Pentagon Wants To Build Space Robots To Repair Its Spy Satellites?

First Posted: Feb 13, 2017 03:10 AM EST

Space robots, specifically designed to repair technical snags in government and private owned satellites, have been under proposition for a long time. It caught the headlines when Pentagon gave the contract of building such space robots to a subsidiary of Canadian-owned firm. However, the project hit a major roadblock when Orbital ATK raised legal issues against the contract and filed a lawsuit against it.

The space robot project was launched by the Defense Advanced Research Projects Agency (DARPA), which functions under the U.S. Department of defense. DARPA envisioned the creation and application of space robotic devices that can repair technical issues in satellites as and when required.

It is speculated that, if successful, the space robots could potentially decrease the cost of operation of satellites, because often the satellite owners have to leave their satellites as dead after they encounter any technical issues. This is not only costing them way too much but also adding to the growing problem of space junk, which is emerging as a potential risk factor in the success of future space missions, The Huffington Post reported.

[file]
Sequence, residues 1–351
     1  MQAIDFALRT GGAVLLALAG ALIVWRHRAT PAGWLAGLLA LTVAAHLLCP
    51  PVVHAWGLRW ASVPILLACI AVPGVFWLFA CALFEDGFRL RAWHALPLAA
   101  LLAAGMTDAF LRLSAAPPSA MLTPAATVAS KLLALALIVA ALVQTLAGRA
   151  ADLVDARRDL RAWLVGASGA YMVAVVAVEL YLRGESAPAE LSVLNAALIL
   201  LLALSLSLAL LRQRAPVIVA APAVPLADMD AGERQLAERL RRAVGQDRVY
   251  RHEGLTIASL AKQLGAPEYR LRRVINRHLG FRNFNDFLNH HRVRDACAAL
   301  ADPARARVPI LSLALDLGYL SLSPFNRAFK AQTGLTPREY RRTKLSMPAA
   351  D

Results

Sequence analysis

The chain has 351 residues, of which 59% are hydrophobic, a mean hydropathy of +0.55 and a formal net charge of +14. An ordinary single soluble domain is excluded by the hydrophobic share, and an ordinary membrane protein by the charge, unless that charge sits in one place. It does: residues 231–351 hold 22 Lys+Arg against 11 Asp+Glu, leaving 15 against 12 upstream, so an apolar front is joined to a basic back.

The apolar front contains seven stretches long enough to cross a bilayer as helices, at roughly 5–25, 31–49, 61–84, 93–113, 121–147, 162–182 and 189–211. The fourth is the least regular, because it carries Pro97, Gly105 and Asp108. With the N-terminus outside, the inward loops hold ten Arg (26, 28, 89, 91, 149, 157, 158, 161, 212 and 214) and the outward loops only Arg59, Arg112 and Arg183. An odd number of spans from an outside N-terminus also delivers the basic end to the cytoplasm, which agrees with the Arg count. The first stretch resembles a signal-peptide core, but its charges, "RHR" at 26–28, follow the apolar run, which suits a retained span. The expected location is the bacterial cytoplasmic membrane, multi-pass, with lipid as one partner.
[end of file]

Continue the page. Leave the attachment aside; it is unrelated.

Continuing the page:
DARPA gave the contract of building such robots to the Space Systems Loral (SSL), which is a subsidiary of a British Columbia-based IT company named MacDonald, Dettwiler and Associates (MDA).

In the meantime, Orbital ATK, another aerospace manufacturing corporation based in Virginia, which is also a fierce competitor of SSL, made an announcement that the project is illegal and went on to file a lawsuit against it, Space News reported.

Orbital ATK said that the project is in violation of the 2010 National Space Policy of the U.S., which states that government agencies cannot run space programs, which may compete with those run by private companies.

On the other hand, some others are of the opinion that the U.S. government is planning to go ahead with the program because it will be a great benefit for the National Reconnaissance Office, which is responsible for the operation of spy satellites.

Given the current situation, the commencement and successful operation of the project is highly doubtful.

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